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IMAP vs. POP3 vs. SMTP Explained

IMAP vs. POP3 vs. SMTP Explained
IMAP vs. POP3 vs. SMTP Explained

If you have ever configured your email inbox, then you should have stumbled across the two most popular methods to retrieve emails — using either IMAP vs. POP3 protocols — and one to deliver messages - SMTP. Even if not, you probably heard those terms anyway.

Every time you connect to your email account from any device - be it a desktop computer, a tablet, or a mobile phone - your email client requests the newest messages from the mail server. The email client and the server "communicate" using either of two dedicated protocols - IMAP or POP3. And when you need to send an email, they use SMTP.

However, there are principal differences between the IMAP and POP3 protocols and SMTP. So what are they?

Let's take a closer look at POP3 vs. IMAP email protocols first, discuss the differences between them, and give a few tips for a preferred protocol to choose depending on your needs. Then, follow up with some key information about SMTP.

What Is POP3?

POP stands for Post Office Protocol - a method to access the email messages from the server and read them on your electronic device. And the three in this abbreviation stands for the version.

This protocol was invented in the mid-1980s, way earlier than IMAP, as a means to download email messages from a remote mail server. In the proceeding years, the protocol was enhanced (versions POP2 and POP3 followed accordingly). POP3 is so far the latest version of the protocol, which is often referred to as simply POP.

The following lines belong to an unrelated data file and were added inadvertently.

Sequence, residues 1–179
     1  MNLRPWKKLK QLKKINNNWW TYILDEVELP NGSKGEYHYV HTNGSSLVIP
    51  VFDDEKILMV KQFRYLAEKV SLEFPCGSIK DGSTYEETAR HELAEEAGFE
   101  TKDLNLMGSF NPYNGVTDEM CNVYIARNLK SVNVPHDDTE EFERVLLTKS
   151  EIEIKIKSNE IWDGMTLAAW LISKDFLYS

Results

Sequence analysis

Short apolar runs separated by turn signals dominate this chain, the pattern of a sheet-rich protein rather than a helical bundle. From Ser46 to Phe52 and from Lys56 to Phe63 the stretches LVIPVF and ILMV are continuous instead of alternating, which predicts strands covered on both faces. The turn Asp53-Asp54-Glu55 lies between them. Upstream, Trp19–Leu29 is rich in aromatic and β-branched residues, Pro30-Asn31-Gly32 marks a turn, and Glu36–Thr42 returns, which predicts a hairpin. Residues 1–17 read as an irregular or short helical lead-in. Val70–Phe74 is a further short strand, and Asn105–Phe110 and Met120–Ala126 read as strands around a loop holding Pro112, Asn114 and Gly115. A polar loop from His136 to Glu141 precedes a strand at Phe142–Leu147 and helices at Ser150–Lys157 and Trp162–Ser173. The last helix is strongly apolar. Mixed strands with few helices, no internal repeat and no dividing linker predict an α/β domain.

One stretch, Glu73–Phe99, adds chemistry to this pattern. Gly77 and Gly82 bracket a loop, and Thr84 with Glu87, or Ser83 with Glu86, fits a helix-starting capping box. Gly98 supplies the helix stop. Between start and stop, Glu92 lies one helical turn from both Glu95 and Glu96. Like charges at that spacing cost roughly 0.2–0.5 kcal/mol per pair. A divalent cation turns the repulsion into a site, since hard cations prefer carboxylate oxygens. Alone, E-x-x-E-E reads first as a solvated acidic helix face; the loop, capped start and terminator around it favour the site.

As the protocol is older than IMAP, it is considered less flexible and less advanced. Let's see why that may be.

How POP3 vs. IMAP Works

Illustration of how POP3 works
Illustration of how POP3 works

POP helps retrieve new emails from the servers over TCP/IP network and download them on a local disk. Once the messages are downloaded to the local storage, they are deleted from the email server.

This is the main limitation of the POP protocol - it supports only one mail server for each mailbox. This means that the read email can only be accessed from the device it had been downloaded to but not from other devices.

POP3 is usually the protocol for desktop email clients - emails are downloaded on your computer and you can easily check them even when offline. But since these days users usually have multiple devices they check their email boxes from, it loses some points in the IMAP vs. POP3 email protocol argument.

Let's further investigate what IMAP is and how it works to see why some people prefer it.

What Is IMAP?

IMAP stands for Internet Message Access Protocol. It is an alternative method to access the email messages from a mail server via a TCP/IP connection by email clients.